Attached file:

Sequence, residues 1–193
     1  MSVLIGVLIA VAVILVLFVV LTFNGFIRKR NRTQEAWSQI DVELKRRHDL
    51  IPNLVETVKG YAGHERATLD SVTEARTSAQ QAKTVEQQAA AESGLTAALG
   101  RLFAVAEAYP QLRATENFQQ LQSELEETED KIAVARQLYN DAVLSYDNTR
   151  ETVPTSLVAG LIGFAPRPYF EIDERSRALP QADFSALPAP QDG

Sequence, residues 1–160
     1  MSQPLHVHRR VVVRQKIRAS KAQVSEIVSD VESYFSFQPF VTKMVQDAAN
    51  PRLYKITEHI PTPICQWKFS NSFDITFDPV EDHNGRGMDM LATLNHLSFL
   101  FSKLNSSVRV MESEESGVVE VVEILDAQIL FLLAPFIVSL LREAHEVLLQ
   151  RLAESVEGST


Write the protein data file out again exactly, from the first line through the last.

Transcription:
Sequence, residues 1–193
     1  MSVLIGVLIA VAVILVLFVV LTFNGFIRKR NRTQEAWSQI DVELKRRHDL
    51  IPNLVETVKG YAGHERATLD SVTEARTSAQ QAKTVEQQAA AESGLTAALG
   101  RLFAVAEAYP QLRATENFQQ LQSELEETED KIAVARQLYN DAVLSYDNTR
   151  ETVPTSLVAG LIGFAPRPYF EIDERSRALP QADFSALPAP QDG

Sequence, residues 1–160
     1  MSQPLHVHRR VVVRQKIRAS KAQVSEIVSD VESYFSFQPF VTKMVQDAAN
    51  PRLYKITEHI PTPICQWKFS NSFDITFDPV EDHNGRGMDM LATLNHLSFL
   101  FSKLNSSVRV MESEESGVVE VVEILDAQIL FLLAPFIVSL LREAHEVLLQ
   151  RLAESVEGST